You must continue to make appropriate amendments so long as you continue to manage more than 5% of any class of an issuer's voting shares. If you fall below the 5% threshold, you must make one (final) amendment notifying the SEC of this.

There are also other circumstances that qualify as a material change requiring an amendment. For instance, if you acquire warrants that are not exercisable within 60 days, you may still need to amend Schedule 13D to revise your discussion of your plans concerning the acquisition of additional securities and related contracts, even if the amount of voting shares you manage has not yet changed.

 

 

Amendment Requirements for 13G Filers

Qualified institutional investors, including investment advisors registered with the SEC or a state, must amend their Schedule 13G within 10 days after the end of the first time their "beneficial ownership" exceeds 10% of the class of equity securities at month end.

After that, qualified institutional investors must amend their Schedule 13G within 10 days from when their "beneficial ownership" increases or decreases by more than 5% of the class of securities over the amount held at the previous month end.

Qualified institutional investors must also file a Schedule 13D within 10 calendar days after they cease being eligible to file a Schedule 13G rather than a Schedule 13D.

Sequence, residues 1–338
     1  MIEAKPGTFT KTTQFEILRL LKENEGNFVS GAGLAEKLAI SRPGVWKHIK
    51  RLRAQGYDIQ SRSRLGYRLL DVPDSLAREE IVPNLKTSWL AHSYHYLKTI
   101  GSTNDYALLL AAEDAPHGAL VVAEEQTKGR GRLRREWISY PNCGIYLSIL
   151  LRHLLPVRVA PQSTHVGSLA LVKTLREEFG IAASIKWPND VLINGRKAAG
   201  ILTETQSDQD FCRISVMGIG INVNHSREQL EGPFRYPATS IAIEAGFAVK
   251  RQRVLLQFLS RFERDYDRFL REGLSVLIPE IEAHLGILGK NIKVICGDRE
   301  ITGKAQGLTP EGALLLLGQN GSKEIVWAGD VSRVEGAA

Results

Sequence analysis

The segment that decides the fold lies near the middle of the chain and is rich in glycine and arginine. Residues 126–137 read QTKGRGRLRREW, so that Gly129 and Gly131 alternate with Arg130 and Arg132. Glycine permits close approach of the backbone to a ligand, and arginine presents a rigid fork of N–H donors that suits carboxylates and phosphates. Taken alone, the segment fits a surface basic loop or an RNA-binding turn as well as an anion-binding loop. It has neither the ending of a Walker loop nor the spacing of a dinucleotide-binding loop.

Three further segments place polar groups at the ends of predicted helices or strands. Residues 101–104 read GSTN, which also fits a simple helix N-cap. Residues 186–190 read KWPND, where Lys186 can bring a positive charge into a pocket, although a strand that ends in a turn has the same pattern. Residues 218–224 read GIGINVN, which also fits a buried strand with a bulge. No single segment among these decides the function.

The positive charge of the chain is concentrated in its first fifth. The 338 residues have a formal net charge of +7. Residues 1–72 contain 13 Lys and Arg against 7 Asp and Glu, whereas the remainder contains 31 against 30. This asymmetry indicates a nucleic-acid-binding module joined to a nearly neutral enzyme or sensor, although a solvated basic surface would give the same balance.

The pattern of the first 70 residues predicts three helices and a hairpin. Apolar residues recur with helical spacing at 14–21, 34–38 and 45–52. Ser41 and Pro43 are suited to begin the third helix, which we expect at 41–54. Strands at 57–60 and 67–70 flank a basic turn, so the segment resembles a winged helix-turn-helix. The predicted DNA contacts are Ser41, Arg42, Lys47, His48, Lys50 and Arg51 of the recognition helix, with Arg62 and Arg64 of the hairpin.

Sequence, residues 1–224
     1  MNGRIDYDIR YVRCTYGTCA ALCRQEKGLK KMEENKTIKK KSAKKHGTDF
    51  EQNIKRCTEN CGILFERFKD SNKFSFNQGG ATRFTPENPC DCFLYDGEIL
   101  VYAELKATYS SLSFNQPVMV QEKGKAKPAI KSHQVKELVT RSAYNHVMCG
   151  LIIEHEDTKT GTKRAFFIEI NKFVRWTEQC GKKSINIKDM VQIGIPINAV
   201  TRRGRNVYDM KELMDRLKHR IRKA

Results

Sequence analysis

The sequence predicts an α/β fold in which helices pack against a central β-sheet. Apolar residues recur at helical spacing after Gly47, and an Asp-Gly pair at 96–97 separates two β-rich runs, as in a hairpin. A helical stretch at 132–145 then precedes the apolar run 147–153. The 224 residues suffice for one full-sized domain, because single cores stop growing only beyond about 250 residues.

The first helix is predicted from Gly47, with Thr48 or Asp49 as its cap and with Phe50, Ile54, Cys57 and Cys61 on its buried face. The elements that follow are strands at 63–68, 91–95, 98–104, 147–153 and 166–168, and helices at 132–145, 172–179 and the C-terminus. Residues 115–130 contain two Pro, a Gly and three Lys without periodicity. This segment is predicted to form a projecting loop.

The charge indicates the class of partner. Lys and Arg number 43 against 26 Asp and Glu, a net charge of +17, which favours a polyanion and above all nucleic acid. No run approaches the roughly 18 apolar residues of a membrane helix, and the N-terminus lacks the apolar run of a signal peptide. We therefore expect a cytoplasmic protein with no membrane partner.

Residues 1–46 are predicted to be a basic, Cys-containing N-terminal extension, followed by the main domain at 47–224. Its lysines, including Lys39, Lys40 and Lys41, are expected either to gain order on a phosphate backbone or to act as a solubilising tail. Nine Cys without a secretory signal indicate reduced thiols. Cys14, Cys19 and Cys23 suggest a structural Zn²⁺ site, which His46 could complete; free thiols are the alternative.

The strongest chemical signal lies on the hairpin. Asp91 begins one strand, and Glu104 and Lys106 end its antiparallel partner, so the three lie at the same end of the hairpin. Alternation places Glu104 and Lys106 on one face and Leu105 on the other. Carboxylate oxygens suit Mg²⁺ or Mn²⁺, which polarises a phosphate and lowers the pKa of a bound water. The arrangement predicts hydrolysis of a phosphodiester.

In addition, passive investors beneficially owning less than 20% of an equity security must amend their Schedule 13G promptly, within two business days, after acquiring beneficial ownership of more than 10% of the class of equity securities, and after that, within two business days of increasing or decreasing their ownership by more than 5%.

You must also file an annual amendment to the 13G if there have been any changes - immaterial or material - to your filed 13G. This must be done within 45 days of year end. You do not need to file an amendment if there have been no changes to the information filed or if the only change is to the percentage of securities owned resulting solely from a change in the number of shares outstanding.

 

 

 

Important Notes

 

· You should independently review your Schedule 13D and 13G filing obligations. There are many factual determinations that may impact whether you must make a filing or amend a prior filing, which Schedule you must file (or amend), and when you must make your filing.